```
There are two ways to define a list containing multiple forms of
information.  Let's consider two examples.

First, list-of-nums-and-syms.  Here are the two alternatives:

Definition 1:

A list-of-nums-and-syms is one of
- empty,
- (cons S lons)
where S is a symbol and lons is a list-of-nums-and-syms, or
- (cons N lons)
where N is a number and lons is a list-of-nums-and-syms.

Definition 2:

A list-of-nums-and-syms is either
- empty, or
- (cons NS lons)
where NS is a num-or-sym and lons is a list-of-nums-and-syms.

A num-or-sym is either
- a number, or
- a symbol.

Second, a list of pizza toppings.  Here are the two alternatives:

Definition 1:

A list-of-toppings is one of
- empty,
- (cons 'cheese alot), where alot is a list-of-toppings,
- (cons 'ham alot), where alot is a list-of-toppings, or
- (cons 'onion alot), where alot is a list-of-toppings.

Definition 2:

A list-of-toppings is either
- empty, or
- (cons T alot), where T is a topping and alot is a
list-of-toppings.

A topping is one of
- 'cheese,
- 'ham, or
- 'onion.

Which style is better, 1 or 2?  You will gain much more insight into
this question as you go on in computer science.  For now, here's a
general rule.  If there is a meaningful relationship between the
cases (as in the toppings example), use style 2.  Otherwise, you can
use style 1.  Note that in practice, the former case occurs far more
often than the latter.  You won't go wrong if you always use style 2.

Natural Numbers

Write a program gos which consumes a natural number n and returns a list
with n copies of 'go.

What's wrong here?  This isn't a simple function that computes one
number from another.  It's more complicated than that.  But for more
complicated programs, we usually start with a data definition.
Where's the data definition?

Let's write a data definition for the natural numbers.  When we wrote
the data definition for lists, we started with the smallest possible
list, empty.  What's the smallest natural number?  0.  How did we
build up lists?  We added one element onto an existing list.  Using
the same idea, how do we build up the natural numbers?  We add one to
an existing number.  This yields the following data definition:

A natural number is either
- 0, or
- (add1 n) where n is a natural number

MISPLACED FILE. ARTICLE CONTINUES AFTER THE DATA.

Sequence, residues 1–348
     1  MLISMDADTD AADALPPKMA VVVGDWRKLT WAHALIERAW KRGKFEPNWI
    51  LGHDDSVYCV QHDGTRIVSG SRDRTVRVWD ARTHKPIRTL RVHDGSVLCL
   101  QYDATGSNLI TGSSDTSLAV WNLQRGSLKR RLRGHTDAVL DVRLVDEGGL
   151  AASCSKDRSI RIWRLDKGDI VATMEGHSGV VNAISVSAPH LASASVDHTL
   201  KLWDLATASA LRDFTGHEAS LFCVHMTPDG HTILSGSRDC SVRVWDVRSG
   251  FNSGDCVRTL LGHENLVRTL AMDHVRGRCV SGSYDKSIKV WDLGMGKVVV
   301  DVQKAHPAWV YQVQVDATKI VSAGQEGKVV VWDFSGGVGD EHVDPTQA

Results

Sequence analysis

Let's define some natural numbers using this definition:

0
(add1 0)
(add1 (add1 0))
(add1 (add1 (add1 0)))

Recall that in the case of lists, we have cons to build lists up and
first and rest to take lists apart.  We can build up natural numbers
using add1.  How do we take them apart?  We use sub1.

Now that we have the data definition, let's write gos.

; gos : N -> list-of-symbols
; create a list with n copies of 'go
(define (gos n) ...)

What are some examples?

(gos 0) = empty
(gos 2) = (cons 'go (cons 'go empty))

What does the template look like?

(define (gos n)
(cond [(zero? n) ...]
[else ... (gos (sub1 n)) ...]))

Here's the full function.

(define (gos n)
(cond [(zero? n) empty]
[else (cons 'go (gos (sub1 n)))]))

Admittedly, this is a somewhat silly example.  Let's turn to something
more realistic.  Sometimes, we want to graph functions over the
natural numbers.  Let's write a program create-points that we could
use to graph the function f(x) = x * x.  What do we need?  A data
definition for points.

A point is a structure
(make-point x y)
where x and y are numbers

;; create-points : N -> list-of-points
;; creates a list of points in which each y coordinate is the square
;; of the x coordinate
(define (create-points n)
(cond [(zero? n) empty]
[else (cons (make-point n (* n n))
(create-points (sub1 n)))]))

This program produces points for numbers in the range 0 to n.  What if
we wanted our program to only graph numbers larger than 10?  We need
to change the purpose statement and we need a new data definition.

A natural number [>= 10] is either
- 10, or
- (add1 n), where n is a natural number [>= 10]

How does the function above change?  Only in the contract and the base
case.

;; create-points : N [>= 10] -> list-of-points
;; creates a list of points in which each y coordinate is the square
;; of the x coordinate and each x coordinate is larger than 10.
(define (create-points n)
(cond [(= n 10) empty]
[else (cons (make-point n (* n n))
(create-points (sub1 n)))]))

What if we wanted to include the point with x-coordinate 10?  How do
we change the above function?

;; create-points : N [>= 10] -> list-of-points
;; creates a list of points in which each y coordinate is the square
;; of the x coordinate and each x coordinate is larger than 10.
(define (create-points n)
(cond [(= n 10) (cons (make-point n (* n n)) empty)]
[else (cons (make-point n (* n n))
(create-points (sub1 n)))]))

Why don't we just change (= n 10) to (< n 10)?  Because that would
violate the data definition.

Finally, let's develop a program multiply, which consumes a natural
number n and a number m and produces n * m, but without using
multiplication.

;; multiply : N num -> num
;; multiplies a natural number by a num without using *
(define (multiply n m)
(cond [(zero? n) 0]
[else (+ m (multiply (sub1 n) m))]))

```